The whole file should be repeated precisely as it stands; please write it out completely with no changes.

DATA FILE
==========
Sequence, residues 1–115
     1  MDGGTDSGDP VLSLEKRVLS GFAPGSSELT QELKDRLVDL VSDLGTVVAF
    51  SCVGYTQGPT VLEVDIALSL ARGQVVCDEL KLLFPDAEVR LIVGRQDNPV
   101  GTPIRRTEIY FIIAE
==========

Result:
Sequence, residues 1–115
     1  MDGGTDSGDP VLSLEKRVLS GFAPGSSELT QELKDRLVDL VSDLGTVVAF
    51  SCVGYTQGPT VLEVDIALSL ARGQVVCDEL KLLFPDAEVR LIVGRQDNPV
   101  GTPIRRTEIY FIIAE